Even before I confessed my desire to write, books have been a staple beneath my Christmas tree. It took until this past November for me to open one of the books I received last year. The Shadow of the Wind was worth the wait, a gift that continues to give.
As mysteries go, I wasn’t sold. Graduate of Grimes and Grafton, the plot and the villain seemed achingly obvious and almost, almost… dull.
Ah, but it was Zafon’s gift of description that pulled me in, the pulse of his prose seamless as a rolling tide.
The novel by Carols Ruiz Zafon is penned prettily, and this line immediately brought to mind a certain individual with whom, well, never mind all that. Suffice it to say, this line fits the individual to a T.
Arrogant as only idiots can be.
Some critics have found Zafon’s style too flowery, and I can understand why. At times, I too hoped he would tighten the page and just get on with it, yet I found myself lost in the rhythm of his words whether he described a room, a reaction, or a character. Zafon wraps up the sum of the housekeeper’s experience with one line,
Bernarda, whose literary appetite was more than satisfied with the church newsletter, looked at him out of the corner of her eye.
And describes her origins just as easily,
Bernarda affected a ceremonial tone that could not conceal a Caceres accent thick enough to spread on toast.
What better way to say show a character who is old, tired, and lacking in enthusiasm?
Barcelo signalled to a waiter of such remarkable decrepitude that he looked as if he should be declared a national landmark.
And this line, in a later chapter, when the hero moves through a poor quarter,
Several drawn and frightened faces peeped around half-open doors–boardinghouse faces fed on watery soup.
In reference to the unrequited love of a young woman,
In my schoolboy reveries, we were always two fugitives riding on the spine of a good book, eager to escape into worlds of fiction and secondhand dreams.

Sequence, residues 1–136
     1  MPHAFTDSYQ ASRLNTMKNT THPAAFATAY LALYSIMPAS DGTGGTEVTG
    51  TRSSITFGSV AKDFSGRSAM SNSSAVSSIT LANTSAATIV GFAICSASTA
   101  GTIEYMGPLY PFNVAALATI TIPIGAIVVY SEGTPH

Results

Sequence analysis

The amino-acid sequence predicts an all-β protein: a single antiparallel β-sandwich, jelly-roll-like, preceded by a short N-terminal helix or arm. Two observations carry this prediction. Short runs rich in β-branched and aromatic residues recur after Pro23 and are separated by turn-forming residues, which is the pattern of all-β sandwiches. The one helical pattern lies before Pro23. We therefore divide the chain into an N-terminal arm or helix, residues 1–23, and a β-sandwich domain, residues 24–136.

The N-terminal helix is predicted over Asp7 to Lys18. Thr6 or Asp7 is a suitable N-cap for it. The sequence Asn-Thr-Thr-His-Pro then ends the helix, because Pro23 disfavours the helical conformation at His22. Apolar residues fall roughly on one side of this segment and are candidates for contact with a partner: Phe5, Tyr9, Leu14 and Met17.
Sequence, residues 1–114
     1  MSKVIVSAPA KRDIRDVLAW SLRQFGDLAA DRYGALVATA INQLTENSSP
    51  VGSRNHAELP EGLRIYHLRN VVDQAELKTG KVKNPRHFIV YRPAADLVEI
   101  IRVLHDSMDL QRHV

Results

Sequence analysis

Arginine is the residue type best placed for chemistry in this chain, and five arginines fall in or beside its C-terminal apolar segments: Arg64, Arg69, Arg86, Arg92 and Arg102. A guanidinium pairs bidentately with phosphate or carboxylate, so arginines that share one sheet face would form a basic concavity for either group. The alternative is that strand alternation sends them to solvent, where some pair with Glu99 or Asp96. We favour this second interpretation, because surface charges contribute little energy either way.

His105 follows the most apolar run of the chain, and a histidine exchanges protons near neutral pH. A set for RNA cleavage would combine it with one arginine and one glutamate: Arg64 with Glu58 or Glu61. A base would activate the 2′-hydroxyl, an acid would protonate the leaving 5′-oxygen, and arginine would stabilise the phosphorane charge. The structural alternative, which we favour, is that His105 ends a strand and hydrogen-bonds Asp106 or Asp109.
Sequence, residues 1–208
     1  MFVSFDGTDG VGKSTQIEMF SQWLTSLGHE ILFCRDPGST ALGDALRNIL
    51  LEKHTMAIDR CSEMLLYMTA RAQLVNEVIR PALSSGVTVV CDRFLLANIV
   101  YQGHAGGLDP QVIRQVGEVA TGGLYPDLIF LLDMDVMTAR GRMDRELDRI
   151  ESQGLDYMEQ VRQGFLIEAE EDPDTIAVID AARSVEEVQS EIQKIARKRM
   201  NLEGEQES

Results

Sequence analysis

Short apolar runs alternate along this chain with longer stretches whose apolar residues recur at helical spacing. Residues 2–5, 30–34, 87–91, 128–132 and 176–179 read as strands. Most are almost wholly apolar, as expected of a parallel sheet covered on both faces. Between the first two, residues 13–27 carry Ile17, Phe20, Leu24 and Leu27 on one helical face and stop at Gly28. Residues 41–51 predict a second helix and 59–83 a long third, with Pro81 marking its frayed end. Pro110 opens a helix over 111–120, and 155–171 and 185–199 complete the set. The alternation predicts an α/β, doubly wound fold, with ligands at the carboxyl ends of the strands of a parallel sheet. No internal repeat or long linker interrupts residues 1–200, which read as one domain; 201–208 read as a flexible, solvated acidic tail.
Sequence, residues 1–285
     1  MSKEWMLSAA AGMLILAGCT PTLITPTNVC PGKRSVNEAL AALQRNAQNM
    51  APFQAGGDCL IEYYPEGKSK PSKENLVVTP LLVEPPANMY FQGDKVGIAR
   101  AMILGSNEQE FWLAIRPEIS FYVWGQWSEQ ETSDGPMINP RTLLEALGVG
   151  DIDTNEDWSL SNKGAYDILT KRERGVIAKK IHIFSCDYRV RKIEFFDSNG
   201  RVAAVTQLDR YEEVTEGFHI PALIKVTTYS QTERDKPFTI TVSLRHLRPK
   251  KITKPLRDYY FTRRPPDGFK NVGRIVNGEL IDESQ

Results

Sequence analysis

Later, a concise line of dialogue to match,
“If only everything hurt as little as a blow to the face…”
This line, describing a book that the narrator reads aloud, tempts me to steal the description for myself, and attribute it to the book in my hand:
…soon I forgot myself and was submerged once more in the narrative, discovering cadences and turns of phrase that flowed like musical motifs, riddles made of timbre and pauses I had not noticed on my first reading.
And last, though certainly never the least, this line, a description of the novel which could well be applied to this work,
Once, in my father’s bookshop, I heard a regular customer say that few things leave a deeper mark on a reader than the first book that finds its way into his heart. Those first images, the echo of words we think we have left behind, accompany us throughout our lives and sculpt a palace in our memory to which, sooner or later–no matter how many books we read, how many worlds we discover, or how much we learn or forget–we will return.
With this book Stephen King described as, ‘One gorgeous read,’ Zafon has challenged me to leave a deeper mark.